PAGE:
Understanding the sport is a precursor to understanding the betting markets.

The Main Golf Betting Markets

The major PGA events carry a bigger field than virtually any other major sport. In a football match, for example, you can bet on the home team, away team, or the draw. Even in horse racing, the Grand National only has a field of 40. In golf, it’s common to have over 150 entrants. So, while you may want to bet on the winner of the event, understanding the other markets is essential.

As a new punter, these are the markets you should know.

Outright & Each-Way

The most obvious betting market by far is to predict the winner of an event. As with any sport, there will be favourites and underdogs. However, given the size of the field, it’s unlikely that you’ll get anything less than 5-1 on a pre-event bet. Therefore, if you can correctly pick the winner in at least one of every six tournaments, you’ll be destined to see profits.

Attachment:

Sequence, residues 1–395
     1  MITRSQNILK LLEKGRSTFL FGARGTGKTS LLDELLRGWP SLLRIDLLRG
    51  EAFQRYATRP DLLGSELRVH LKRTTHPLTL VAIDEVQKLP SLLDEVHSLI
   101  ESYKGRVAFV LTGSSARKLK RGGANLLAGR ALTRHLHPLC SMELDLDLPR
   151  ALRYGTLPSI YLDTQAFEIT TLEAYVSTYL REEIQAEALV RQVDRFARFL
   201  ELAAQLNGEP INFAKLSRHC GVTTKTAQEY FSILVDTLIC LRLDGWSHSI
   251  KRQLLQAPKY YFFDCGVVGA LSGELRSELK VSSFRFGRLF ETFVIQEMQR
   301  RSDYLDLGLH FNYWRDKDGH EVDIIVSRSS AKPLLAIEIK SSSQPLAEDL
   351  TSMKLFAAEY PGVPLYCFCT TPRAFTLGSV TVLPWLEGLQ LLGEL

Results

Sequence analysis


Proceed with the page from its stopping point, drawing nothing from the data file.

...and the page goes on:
Each-way betting is where half of your stake is placed on the outright win while half is placed on your chosen player to come in the top X places. Depending on the event, this could be anything from the top 3 to the top 8. The odds for this half of the bet will be lower (usually 1/3 or ¼ of the odds on the outright market).

Golf is one sport where even the favourites will provide fantastic ROIs – as long as they win. However, the safety net of the each-way selection may tempt you to bet on the mid-range players, particularly if they are in good form or have a good record on a specific course.